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Global Minimum Tax: A Blessing or a Curse? 

| 2021-08-24 7 min read

Global Minimum Tax: A Blessing or a Curse? 

Reading Time: 7 minutes

Small, export-oriented countries may lose out to larger economies if a “minimum tax” proposal from the Organisation for Economic Co-operation and Development (OECD) remains unchanged. The proposal, backed by some 130 countries, would introduce a 15% minimum corporate tax globally to end the current “tax race to the bottom,” a competition among countries trying to lure as much investment as possible by offering low tax rates. Hungary, Estonia and Ireland see the idea as hindering competition and undermining their chances to catch up with richer and bigger economies.

In early July, news emerged that 130 countries across the globe were backing the idea of a minimum corporate tax rate of 15% as proposed by the United States. This suggests that almost all countries of the world, representing 90% of global GDP, see putting a floor under corporate tax rates as beneficial and progressive. The OECD estimates that the measure can yield around an additional USD 150 billion in global tax revenues annually to the governments concerned. It also added that under the new rule, tax revenues are expected to “move” home, meaning more than USD 100 billion in profits will likely be taxed in the countries where the profits were earned. Tax revenues will also be more evenly distributed among the 137 countries comprising the Organisation’s Inclusive Framework (IF).  

Nonetheless, nine OECD countries including three EU member states, Hungary, Ireland and Estonia, who are all against the proposal. They do not reject it as a whole and have their own recommendations for amendments, therefore the European Commission expects a consensus to be reached soon. 

An international framework to prevent MNEs from shifting their profits to low- or no tax jurisdictions 

While it was the US administration of president Joe Biden which came forward with the proposal, it is the tax avoidance practices by mostly US-based digital companies which have vexed the American government for a long time, including during the Trump administration.

Now, with the OECD’s Base Erosion and Profit Shifting Project (BEPS) 2.0, the Base Erosion and Anti-Abuse Tax (BEAT) law enacted under the Trump administration is expected to become obsolete. The tax optimization techniques of multinational enterprises have irritated other counties too and triggered conflicts among them. One of the loudest ones broke out in 2019 between France and the US over the taxation of Facebook and Amazon and subsided only after President Trump pledged to enter negotiations for a global solution. Taxation issues have also caused clashes within the European Union when the European Commission accused Ireland of granting illegal tax benefits to Apple.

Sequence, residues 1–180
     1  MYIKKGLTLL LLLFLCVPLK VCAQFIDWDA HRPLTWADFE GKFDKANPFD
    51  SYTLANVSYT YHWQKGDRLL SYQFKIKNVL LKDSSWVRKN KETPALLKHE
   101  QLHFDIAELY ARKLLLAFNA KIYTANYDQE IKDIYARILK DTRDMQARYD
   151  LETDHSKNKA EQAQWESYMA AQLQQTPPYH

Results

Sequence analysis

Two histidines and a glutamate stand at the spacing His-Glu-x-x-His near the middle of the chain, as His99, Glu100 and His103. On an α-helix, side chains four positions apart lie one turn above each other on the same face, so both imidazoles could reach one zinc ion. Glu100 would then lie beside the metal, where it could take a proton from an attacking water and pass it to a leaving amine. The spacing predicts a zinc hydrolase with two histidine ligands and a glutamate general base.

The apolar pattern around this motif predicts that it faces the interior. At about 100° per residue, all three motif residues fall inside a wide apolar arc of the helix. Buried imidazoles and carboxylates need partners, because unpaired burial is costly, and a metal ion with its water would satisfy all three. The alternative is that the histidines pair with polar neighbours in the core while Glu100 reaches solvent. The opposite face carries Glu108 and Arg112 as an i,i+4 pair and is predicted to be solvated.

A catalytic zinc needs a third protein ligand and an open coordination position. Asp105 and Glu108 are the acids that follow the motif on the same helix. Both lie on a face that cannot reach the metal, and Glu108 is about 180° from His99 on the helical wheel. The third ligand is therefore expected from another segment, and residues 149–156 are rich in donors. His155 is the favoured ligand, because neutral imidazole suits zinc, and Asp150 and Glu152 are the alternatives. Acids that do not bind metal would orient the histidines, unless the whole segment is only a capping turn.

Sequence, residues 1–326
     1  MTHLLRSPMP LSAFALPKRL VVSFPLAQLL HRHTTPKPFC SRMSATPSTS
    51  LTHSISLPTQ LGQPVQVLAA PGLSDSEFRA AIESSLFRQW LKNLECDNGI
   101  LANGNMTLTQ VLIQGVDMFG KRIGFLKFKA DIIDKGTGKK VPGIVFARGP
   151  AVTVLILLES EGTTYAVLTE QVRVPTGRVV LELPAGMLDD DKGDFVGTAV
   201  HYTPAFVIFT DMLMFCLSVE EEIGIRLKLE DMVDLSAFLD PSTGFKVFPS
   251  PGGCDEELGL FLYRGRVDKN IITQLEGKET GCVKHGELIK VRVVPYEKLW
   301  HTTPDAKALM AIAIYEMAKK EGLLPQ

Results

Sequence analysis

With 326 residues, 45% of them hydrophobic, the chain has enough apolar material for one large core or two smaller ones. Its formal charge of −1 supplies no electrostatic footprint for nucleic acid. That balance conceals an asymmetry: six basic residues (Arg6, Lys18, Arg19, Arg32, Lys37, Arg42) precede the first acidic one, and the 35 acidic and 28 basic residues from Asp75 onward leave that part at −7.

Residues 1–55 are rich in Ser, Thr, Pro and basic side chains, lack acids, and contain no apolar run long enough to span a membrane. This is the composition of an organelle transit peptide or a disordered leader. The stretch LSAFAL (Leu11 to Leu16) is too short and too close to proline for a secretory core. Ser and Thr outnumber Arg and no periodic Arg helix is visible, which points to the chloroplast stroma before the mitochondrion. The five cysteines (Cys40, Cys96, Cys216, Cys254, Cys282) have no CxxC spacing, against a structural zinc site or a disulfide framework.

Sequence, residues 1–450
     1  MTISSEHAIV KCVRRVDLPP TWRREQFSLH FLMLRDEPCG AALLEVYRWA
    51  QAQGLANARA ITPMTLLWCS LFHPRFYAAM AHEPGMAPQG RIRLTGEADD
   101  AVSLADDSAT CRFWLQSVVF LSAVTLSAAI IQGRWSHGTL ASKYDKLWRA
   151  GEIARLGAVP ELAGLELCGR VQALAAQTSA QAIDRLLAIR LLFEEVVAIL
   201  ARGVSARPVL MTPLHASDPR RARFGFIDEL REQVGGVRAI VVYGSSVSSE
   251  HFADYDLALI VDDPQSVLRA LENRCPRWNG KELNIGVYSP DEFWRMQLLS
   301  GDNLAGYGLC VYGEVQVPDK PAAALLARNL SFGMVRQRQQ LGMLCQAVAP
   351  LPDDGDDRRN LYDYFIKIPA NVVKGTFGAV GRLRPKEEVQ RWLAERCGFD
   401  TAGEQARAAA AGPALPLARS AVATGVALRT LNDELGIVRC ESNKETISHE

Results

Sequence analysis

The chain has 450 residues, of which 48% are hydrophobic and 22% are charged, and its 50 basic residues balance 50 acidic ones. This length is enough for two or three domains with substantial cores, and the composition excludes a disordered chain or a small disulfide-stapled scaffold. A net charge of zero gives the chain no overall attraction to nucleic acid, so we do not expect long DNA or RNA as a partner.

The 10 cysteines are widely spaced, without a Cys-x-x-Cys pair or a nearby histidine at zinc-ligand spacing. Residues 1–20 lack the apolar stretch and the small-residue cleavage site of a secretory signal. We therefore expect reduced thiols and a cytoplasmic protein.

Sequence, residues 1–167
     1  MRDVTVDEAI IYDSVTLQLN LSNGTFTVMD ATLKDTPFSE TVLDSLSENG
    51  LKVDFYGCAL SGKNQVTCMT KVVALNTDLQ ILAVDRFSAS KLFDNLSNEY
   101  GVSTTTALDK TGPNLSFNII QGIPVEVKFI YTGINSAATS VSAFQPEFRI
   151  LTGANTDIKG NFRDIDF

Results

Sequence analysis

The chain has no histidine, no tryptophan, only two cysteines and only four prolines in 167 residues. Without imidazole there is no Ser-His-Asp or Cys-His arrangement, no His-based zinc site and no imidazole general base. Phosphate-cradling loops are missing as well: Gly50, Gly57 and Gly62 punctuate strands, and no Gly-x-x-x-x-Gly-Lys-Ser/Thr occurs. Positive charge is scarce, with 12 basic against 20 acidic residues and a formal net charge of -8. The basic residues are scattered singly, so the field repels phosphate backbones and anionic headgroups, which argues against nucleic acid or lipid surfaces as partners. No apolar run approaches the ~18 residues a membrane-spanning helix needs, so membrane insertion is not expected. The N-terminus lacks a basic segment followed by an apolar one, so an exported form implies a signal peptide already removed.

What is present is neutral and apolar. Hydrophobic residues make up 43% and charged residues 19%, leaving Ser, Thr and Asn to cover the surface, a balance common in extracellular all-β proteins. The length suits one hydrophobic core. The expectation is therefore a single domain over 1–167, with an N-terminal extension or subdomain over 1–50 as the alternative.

The agreement the OECD countries are now hammering out has two pillars. 

Pillar I is meant to ensure a fairer distribution of profits and taxing rights among jurisdictions. It would recognize the taxing rights of the country where multinational enterprises (MNE) have actual business activities and earn profits – a promise made to French President Macron checked off. Transfer pricing is especially in the cross hairs. According to the OECD’s estimates, under Pillar I, taxing rights on more than USD 100 billion of profit are expected to be reallocated to market jurisdictions each year.

Pillar II (also referred to as the “Global Anti-Base Erosion” or “GloBE” or “Minimum Tax” proposal) aims for a global minimum tax rate of at least 15%. According to the mechanism envisioned, countries would not be required to set their rates at the agreed floor but would give other countries the right to levy a tax on companies’ income coming from a country that has a lower rate. In case of Hungary, for example, the home country of a company would be entitled to levy a 6% extra tax as the current tax rate in Hungary is only 9%. As a consequence, Hungary would likely consider raising the tax rate to the global 15% minimum not to lose out on taxing rights.

While it sounds simple it might bring about an array of problems if applied.

An end to tax competition?

All countries run various tax systems with various tax incentives, even tax base is defined differently. For example, corporate income tax incentives for research and development activities are common in many countries. Due to the differences in tax base calculations, some companies can be subject to the minimum tax in countries where the average tax rate is much higher than the one proposed now. If the final proposal fails to address the differences in tax regimes, the new rule can lead to the punishment of differences in tax base calculation and can create new barriers to the free flow of capital.

In addition to corporate tax, many other taxes and contributions levying the same tax base should also be considered when implementing BEPS 2.0. In the Hungarian tax system, for example, municipal taxes play an important role. Therefore, the effective tax rate is influenced by various other levies like those imposed on wages and other specific, local taxes and contributions. The Irish edition of European Movement cites a research form 2019 which found that Ireland’s effective corporate tax rate at 15.7% was actually higher than its statutory rate – the tax rates applied to taxable income that falls within a given range or tax bracket – of 12.5%. In contrast, France’s effective rate was 17% compared to its statutory rate of 33% while Denmark’s effective rate was 19% compared to a statutory rate of 24%. Overall, the research suggested that many EU countries actually had lower effective corporation tax rates than Ireland.